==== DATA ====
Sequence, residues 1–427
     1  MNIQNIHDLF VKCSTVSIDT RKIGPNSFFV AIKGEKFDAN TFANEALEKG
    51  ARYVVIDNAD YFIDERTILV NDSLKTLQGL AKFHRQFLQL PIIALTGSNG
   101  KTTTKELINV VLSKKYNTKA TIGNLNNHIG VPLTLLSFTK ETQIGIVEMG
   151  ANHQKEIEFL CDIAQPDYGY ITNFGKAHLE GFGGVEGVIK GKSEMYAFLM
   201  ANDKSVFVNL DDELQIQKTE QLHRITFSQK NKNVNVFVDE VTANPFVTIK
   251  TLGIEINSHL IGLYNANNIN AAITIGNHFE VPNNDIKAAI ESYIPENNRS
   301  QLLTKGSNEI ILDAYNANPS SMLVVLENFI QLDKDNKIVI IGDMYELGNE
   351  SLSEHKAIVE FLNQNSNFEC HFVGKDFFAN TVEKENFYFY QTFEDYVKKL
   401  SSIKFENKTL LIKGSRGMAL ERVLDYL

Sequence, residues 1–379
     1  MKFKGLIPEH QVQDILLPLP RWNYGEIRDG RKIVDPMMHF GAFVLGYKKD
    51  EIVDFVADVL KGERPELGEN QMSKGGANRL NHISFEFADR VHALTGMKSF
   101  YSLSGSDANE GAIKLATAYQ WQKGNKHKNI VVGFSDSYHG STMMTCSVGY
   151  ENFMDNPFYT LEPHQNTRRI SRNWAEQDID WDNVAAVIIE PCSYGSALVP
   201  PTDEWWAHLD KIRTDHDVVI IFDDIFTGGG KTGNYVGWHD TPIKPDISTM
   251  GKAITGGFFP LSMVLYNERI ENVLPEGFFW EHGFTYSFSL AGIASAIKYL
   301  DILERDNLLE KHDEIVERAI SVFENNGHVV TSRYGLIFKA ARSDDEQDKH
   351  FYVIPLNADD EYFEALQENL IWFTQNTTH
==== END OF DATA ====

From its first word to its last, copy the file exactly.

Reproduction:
Sequence, residues 1–427
     1  MNIQNIHDLF VKCSTVSIDT RKIGPNSFFV AIKGEKFDAN TFANEALEKG
    51  ARYVVIDNAD YFIDERTILV NDSLKTLQGL AKFHRQFLQL PIIALTGSNG
   101  KTTTKELINV VLSKKYNTKA TIGNLNNHIG VPLTLLSFTK ETQIGIVEMG
   151  ANHQKEIEFL CDIAQPDYGY ITNFGKAHLE GFGGVEGVIK GKSEMYAFLM
   201  ANDKSVFVNL DDELQIQKTE QLHRITFSQK NKNVNVFVDE VTANPFVTIK
   251  TLGIEINSHL IGLYNANNIN AAITIGNHFE VPNNDIKAAI ESYIPENNRS
   301  QLLTKGSNEI ILDAYNANPS SMLVVLENFI QLDKDNKIVI IGDMYELGNE
   351  SLSEHKAIVE FLNQNSNFEC HFVGKDFFAN TVEKENFYFY QTFEDYVKKL
   401  SSIKFENKTL LIKGSRGMAL ERVLDYL

Sequence, residues 1–379
     1  MKFKGLIPEH QVQDILLPLP RWNYGEIRDG RKIVDPMMHF GAFVLGYKKD
    51  EIVDFVADVL KGERPELGEN QMSKGGANRL NHISFEFADR VHALTGMKSF
   101  YSLSGSDANE GAIKLATAYQ WQKGNKHKNI VVGFSDSYHG STMMTCSVGY
   151  ENFMDNPFYT LEPHQNTRRI SRNWAEQDID WDNVAAVIIE PCSYGSALVP
   201  PTDEWWAHLD KIRTDHDVVI IFDDIFTGGG KTGNYVGWHD TPIKPDISTM
   251  GKAITGGFFP LSMVLYNERI ENVLPEGFFW EHGFTYSFSL AGIASAIKYL
   301  DILERDNLLE KHDEIVERAI SVFENNGHVV TSRYGLIFKA ARSDDEQDKH
   351  FYVIPLNADD EYFEALQENL IWFTQNTTH